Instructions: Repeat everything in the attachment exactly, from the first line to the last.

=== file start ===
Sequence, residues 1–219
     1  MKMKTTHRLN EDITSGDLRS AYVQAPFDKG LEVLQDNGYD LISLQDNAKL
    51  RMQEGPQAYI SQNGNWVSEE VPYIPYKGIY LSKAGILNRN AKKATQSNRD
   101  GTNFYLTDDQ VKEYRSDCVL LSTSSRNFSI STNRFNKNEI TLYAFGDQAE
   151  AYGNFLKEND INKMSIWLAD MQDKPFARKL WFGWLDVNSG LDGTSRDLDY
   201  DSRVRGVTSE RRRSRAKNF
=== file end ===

Sequence, residues 1–219
     1  MKMKTTHRLN EDITSGDLRS AYVQAPFDKG LEVLQDNGYD LISLQDNAKL
    51  RMQEGPQAYI SQNGNWVSEE VPYIPYKGIY LSKAGILNRN AKKATQSNRD
   101  GTNFYLTDDQ VKEYRSDCVL LSTSSRNFSI STNRFNKNEI TLYAFGDQAE
   151  AYGNFLKEND INKMSIWLAD MQDKPFARKL WFGWLDVNSG LDGTSRDLDY
   201  DSRVRGVTSE RRRSRAKNF